IN THE SUPERIOR COURT OF THE STATE OF DELAWARE
IN AND FOR NEW CASTLE COUNTY
ANDRES ARTEAGA, et al.,
BELL HELICOPTER TEXTRON, INC.,
and BRISTOW HELICOPTERS, INC.,
C.A. No. N12C-05-008 JRJ
Date Submitted: October 9, 2012
Date Decided: November 30, 2012
Upon Consideration of Defendants’ Joint Motion to Dismiss
on the Grounds of Forum Non Conveniens: DENIED
Richard A. Zappa, Esquire, and Timothy E. Lengkeek, Esquire, Young Conaway Stargatt Taylor,
LLP, 1000 West Street, 17th Floor, P.O. Box 391, Wilmington, DE 19899; John C.
Schwambach, Jr., Esquire (arguing attorney), Stevenson & Murray, 24 Greenway Plaza, Suite
750, Houston, TX 77046; Attorneys for the Plaintiffs.
Joseph J. Bellew, Esquire (arguing attorney), and Iian Rosenbert, Esquire, Cozen O’Connor,
1201 North Market Street, Suite 1400, Wilmington, DE 19801, Attorneys for Defendant Bell
Helicopter Textron, Inc.
David A. Dorey, Esquire, and Elaine D. Solomon, Esquire, Blank Rome, LLP, 1201 Market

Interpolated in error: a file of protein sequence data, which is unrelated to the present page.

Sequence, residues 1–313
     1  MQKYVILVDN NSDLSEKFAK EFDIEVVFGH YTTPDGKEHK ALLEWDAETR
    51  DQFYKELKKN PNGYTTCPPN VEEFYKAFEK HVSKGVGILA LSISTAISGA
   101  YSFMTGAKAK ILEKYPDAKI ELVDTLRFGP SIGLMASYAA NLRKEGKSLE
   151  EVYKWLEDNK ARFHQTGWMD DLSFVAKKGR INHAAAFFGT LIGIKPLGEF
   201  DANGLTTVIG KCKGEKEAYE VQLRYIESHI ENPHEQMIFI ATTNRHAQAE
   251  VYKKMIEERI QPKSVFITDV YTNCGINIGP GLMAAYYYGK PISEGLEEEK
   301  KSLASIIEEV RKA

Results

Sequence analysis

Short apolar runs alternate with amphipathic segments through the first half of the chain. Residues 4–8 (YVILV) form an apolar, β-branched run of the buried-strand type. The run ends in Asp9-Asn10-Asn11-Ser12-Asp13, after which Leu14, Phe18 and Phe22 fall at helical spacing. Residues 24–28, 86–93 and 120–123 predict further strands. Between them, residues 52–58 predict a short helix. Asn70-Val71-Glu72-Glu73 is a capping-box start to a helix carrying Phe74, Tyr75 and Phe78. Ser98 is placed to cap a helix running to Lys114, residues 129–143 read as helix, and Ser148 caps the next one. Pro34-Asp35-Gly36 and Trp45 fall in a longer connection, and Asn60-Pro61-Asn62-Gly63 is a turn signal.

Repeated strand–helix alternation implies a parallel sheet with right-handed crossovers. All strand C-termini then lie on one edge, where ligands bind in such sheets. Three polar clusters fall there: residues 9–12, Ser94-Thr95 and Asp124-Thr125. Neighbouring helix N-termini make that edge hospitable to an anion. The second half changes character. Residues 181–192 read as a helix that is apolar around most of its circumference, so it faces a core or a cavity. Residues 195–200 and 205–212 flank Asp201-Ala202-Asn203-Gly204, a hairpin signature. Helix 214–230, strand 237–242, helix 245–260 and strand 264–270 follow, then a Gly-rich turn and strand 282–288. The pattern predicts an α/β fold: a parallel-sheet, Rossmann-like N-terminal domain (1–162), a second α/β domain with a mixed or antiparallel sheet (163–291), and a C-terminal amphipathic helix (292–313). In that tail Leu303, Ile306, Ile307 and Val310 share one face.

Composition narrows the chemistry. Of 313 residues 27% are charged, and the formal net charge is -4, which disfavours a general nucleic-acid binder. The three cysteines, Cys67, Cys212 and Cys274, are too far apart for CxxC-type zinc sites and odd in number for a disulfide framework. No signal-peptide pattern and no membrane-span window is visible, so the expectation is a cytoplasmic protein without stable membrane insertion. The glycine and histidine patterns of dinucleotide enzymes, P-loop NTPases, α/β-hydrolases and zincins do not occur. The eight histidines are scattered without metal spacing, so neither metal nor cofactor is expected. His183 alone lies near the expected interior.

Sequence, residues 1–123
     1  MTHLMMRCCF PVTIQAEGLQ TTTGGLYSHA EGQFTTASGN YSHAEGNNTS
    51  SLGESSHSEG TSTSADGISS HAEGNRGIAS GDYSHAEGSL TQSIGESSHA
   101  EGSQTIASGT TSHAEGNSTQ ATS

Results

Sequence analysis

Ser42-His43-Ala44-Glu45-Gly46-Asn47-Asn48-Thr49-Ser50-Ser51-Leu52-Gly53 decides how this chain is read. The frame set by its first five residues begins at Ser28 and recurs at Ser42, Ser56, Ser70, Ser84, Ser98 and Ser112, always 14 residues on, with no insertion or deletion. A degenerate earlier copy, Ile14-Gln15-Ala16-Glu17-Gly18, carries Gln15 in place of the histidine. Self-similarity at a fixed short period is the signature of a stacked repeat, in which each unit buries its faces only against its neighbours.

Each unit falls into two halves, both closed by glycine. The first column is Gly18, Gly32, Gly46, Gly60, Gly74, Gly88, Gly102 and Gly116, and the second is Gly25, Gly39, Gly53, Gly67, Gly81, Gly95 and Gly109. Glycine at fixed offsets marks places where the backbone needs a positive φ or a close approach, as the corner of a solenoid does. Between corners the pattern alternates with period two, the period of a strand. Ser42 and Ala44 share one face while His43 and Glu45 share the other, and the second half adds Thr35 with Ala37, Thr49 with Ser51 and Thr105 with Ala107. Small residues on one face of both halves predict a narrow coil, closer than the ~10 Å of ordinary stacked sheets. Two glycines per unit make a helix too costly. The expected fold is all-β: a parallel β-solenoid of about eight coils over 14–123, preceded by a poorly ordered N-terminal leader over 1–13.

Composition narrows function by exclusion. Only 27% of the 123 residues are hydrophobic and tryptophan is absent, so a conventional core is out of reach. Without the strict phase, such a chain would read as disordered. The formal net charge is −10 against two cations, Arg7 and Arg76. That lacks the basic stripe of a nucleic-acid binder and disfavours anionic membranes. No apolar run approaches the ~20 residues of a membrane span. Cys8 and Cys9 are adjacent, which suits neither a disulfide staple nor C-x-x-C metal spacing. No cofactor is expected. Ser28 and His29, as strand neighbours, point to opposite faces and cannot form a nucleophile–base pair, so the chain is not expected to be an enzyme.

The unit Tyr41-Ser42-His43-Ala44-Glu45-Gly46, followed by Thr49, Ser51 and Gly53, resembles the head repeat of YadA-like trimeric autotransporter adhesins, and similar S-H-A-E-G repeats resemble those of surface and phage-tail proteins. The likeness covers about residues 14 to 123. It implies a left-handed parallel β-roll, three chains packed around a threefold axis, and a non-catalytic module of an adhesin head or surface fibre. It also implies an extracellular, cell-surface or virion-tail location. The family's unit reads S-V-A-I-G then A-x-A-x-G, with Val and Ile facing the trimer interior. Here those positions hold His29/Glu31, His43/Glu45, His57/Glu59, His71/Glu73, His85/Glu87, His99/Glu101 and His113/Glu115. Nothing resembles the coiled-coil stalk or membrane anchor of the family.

Street, Suite 800, Wilmington, DE 19801, Attorneys for Defendant Bristow Helicopters, Inc.
In order to dismiss a complaint on the ground of forum non conveniens, the Court must
first find that an available alternative forum exists. Here, the potential alternative forum is
Mexico. 1 Based on the record before it, the Court does not find that Mexico is an available
alternative forum. Consequently, the motion to dismiss is DENIED.
II. FACTS AND PROCEDURAL HISTORY
In October, 2010, a helicopter crashed in Las Choapas, in the State of Veracruz, Mexico,
killing everyone on board: seven passengers and both pilots. 2 Representatives of the pilots and
five of the seven passengers (together, the “Plaintiffs”) have filed wrongful death actions against
Bell Helicopter Textron, Inc., and Bristow Helicopters, Inc., (together, the “Defendants”). 3
Plaintiffs allege that defects in the manufacturing process of components vital to keeping the
helicopter in flight caused the crash. 4
After briefing, oral argument, 5 and an amended
complaint, 6 Defendants filed a motion to dismiss on the grounds of forum non conveniens. 7
Application of the doctrine of forum non conveniens “presupposes at least two forums in
which [Defendants are] amenable to process; the doctrine furnishes criteria for choice between
Officially, the United Mexican States. See https://www.cia.gov/library/publications/the-worldfactbook/geos/mx.html (last visited 30 Nov. 2012); http://en.wikipedia.org/wiki/Mexico (last visited 30 Nov. 2012).
Opening Brief in Support of Defendant Bell Helicopter Textron, Inc.’s Motion to Dismiss the Complaint for